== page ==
Investments in those sectors require prior authorization when the following transactions are contemplated:
For any investor i.e., businesses headquartered either inside or outside the European Union: the acquisition of a controlling interest, i.e., a majority of voting rights, in a French company and the acquisition of all or part of a business line.
For investors headquartered outside the European Union only: the acquisition of interests exceeding 33.33 per cent of equity or voting rights in a French company.
Consequences of the Decree
The decree entered into force on 16 May 2014 and applies to transactions in progress on or after that date. Companies that have already entered into negotiations related to an acquisition in the sectors listed above and haven’t formally closed the deal should ask the Ministry of Economy whether or not the transaction falls within the scope of the decree and therefore requires authorisation.
Once a request for authorisation is filed, the Ministry has two months to inform the applicant that it is withholding authorisation; silence is considered to be acceptance.
If the companies involved do not apply for authorisation even though the contemplated transaction falls within the scope of Articles R. 153-2, 12 ° and R. 153-4 of the French Monetary and Financial Code, or if it is not granted by the Ministry, the company is required to either not complete the transaction, or modify the transaction or even restore the previous status quo at its own expense. In addition, civil fines of up to twice the amount of the non-complying investment or even criminal sanctions (including imprisonment for up to five years, seizure of the investment, and a fine of up to twice the amount of the investment) may be imposed.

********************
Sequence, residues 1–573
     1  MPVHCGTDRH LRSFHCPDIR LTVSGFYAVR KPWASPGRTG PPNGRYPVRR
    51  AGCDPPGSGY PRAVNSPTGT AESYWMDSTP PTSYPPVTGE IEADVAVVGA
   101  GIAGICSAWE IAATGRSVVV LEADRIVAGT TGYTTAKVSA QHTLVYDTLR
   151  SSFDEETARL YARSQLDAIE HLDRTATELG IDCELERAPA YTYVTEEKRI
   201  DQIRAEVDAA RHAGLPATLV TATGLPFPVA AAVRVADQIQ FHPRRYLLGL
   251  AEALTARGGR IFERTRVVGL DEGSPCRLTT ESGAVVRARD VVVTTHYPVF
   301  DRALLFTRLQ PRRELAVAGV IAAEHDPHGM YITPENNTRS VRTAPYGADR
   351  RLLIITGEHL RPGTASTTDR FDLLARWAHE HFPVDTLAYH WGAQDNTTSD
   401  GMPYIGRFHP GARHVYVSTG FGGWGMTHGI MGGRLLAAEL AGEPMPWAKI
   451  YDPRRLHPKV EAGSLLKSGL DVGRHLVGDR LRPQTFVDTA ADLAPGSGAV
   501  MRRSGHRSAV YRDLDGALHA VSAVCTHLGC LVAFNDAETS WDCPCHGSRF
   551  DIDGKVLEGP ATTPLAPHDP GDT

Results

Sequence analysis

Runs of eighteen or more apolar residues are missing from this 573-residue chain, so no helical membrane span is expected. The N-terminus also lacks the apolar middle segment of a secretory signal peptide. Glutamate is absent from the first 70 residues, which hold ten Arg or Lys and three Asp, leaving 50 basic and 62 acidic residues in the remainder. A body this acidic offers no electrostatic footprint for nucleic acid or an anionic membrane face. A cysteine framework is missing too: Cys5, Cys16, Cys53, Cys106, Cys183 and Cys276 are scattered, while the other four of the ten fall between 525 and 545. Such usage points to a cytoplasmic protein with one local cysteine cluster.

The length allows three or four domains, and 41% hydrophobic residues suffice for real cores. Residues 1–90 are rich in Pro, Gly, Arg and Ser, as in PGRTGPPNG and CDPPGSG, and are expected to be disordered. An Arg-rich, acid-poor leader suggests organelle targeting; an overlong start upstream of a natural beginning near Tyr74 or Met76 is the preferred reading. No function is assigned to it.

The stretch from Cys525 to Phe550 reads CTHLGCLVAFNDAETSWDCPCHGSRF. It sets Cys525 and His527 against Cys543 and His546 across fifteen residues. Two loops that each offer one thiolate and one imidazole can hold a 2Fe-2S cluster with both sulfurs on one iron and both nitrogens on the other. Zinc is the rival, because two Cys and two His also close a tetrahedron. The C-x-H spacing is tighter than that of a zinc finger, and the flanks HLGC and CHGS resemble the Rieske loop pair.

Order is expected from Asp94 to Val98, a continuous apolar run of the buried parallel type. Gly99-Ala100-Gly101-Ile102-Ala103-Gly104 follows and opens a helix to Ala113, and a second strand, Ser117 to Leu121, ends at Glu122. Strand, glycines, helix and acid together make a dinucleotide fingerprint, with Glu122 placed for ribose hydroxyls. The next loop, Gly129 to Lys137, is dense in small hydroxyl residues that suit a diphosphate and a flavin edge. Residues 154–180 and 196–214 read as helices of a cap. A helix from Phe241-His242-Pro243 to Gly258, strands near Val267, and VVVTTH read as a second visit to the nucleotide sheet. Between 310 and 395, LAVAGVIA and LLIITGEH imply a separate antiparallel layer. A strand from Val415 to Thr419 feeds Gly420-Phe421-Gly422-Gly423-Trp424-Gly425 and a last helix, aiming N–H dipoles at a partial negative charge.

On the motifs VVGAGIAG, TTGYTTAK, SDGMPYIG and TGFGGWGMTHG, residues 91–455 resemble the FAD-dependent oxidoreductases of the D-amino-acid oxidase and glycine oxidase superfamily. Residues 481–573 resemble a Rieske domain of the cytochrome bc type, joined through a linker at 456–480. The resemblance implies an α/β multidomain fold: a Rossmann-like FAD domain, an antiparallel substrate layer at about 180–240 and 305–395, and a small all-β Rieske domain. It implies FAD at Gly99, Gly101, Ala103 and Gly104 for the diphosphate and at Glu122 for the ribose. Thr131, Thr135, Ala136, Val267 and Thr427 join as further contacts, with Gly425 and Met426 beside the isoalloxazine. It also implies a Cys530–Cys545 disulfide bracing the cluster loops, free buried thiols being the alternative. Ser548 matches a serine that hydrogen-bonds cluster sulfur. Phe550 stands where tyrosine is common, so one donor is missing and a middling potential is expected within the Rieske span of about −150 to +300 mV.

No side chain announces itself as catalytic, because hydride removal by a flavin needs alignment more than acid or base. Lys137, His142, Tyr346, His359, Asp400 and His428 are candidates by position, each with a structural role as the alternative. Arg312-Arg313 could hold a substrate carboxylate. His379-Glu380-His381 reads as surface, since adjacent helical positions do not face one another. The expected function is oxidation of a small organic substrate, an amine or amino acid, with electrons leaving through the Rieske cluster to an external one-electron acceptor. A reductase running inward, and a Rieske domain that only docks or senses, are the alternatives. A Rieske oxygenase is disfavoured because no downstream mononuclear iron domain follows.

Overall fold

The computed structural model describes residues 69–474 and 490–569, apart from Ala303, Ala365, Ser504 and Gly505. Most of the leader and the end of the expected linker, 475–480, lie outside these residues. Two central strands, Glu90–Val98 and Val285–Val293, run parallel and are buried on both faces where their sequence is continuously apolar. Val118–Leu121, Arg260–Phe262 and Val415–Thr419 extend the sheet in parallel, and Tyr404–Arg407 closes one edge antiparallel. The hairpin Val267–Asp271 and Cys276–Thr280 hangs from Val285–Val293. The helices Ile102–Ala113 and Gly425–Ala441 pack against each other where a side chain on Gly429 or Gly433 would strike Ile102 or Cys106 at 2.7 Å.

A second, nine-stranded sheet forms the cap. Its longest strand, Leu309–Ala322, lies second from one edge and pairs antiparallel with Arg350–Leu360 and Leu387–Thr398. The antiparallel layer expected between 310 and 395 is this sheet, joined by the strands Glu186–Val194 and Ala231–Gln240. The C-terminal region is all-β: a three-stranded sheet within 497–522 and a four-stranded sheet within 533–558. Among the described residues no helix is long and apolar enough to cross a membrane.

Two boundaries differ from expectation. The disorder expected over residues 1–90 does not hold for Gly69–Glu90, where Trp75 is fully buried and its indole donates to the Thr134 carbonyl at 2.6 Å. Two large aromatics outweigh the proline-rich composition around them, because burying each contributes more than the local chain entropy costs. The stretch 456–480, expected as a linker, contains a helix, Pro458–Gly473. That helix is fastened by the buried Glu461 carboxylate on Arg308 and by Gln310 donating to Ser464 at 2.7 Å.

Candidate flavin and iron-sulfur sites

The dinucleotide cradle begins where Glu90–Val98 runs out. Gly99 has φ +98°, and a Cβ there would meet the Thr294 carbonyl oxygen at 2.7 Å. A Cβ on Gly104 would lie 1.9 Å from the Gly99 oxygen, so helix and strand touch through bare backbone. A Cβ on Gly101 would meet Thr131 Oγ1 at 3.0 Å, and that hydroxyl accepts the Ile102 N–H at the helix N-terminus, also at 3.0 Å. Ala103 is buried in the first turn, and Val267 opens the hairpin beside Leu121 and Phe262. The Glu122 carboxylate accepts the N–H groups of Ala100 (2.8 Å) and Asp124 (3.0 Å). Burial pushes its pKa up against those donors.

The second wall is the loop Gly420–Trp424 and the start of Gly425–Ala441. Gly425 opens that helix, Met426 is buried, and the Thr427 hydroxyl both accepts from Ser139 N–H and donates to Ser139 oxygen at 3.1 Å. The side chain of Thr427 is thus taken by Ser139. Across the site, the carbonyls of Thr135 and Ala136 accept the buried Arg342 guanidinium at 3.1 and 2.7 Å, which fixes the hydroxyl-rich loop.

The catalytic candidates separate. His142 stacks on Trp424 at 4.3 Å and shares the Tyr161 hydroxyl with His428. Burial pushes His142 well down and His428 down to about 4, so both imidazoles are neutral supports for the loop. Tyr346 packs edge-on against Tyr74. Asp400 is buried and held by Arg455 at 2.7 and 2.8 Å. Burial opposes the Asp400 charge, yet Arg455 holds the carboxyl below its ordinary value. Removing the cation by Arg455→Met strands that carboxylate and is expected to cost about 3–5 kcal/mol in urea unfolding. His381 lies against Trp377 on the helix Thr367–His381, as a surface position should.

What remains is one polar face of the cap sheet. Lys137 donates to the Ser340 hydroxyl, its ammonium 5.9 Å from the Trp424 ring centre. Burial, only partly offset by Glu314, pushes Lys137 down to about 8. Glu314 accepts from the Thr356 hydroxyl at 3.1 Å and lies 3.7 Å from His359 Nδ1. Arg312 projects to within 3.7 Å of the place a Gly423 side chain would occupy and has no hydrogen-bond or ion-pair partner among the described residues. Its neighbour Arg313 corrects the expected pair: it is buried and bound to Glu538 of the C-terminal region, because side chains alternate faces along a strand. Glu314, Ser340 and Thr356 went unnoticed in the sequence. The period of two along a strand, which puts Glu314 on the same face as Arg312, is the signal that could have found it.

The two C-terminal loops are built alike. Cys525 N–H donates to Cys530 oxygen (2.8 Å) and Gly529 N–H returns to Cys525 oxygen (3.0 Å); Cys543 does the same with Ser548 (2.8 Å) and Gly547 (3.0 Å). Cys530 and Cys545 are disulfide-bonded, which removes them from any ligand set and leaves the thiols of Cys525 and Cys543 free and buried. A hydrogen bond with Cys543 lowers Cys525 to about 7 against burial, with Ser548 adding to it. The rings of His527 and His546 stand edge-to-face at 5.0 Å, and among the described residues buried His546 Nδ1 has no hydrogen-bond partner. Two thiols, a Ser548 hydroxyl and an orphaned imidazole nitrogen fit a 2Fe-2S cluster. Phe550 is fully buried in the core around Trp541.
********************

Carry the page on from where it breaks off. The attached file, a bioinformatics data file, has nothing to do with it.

If the Ministry does not grant authorisation, an appeal may be filed with the Administrative Court, which may decide to annul the Ministry’s decision.
Compatibility of The Decree With EU Law
Under EU law, any restriction on the movement of capital between Member States and between Member States and third countries must be justified—such as on grounds of public policy or public security—and proportional, which means it must not go beyond what is necessary to attain the pursued objective.
EU case law allows a Member State to introduce a system of prior administrative authorisation for foreign investments if the system is based on objective and non-discriminatory criteria that are known in advance to the parties involved. It is uncertain at the moment whether or not the decree is compatible with EU law as it could be considered as overreaching.
If the European Commission has doubts as to the decree’s compatibility with EU law, it has the option to deliver a reasoned opinion after giving the French Government the opportunity to submit observations. The Commission could then decide to bring proceedings against France before the Court of Justice of the European Union (CJEU). If the CJEU finds that the decree is contrary to EU law, it could deliver a ruling specifying the measures to be taken by the French Government to rectify the situation.
For now, Michel Barnier, the European Commissioner for Internal Market and Services, has warned France against “protectionism” and announced that the compatibility of the decree with EU competition rules will be analysed “objectively and attentively” by the Commission.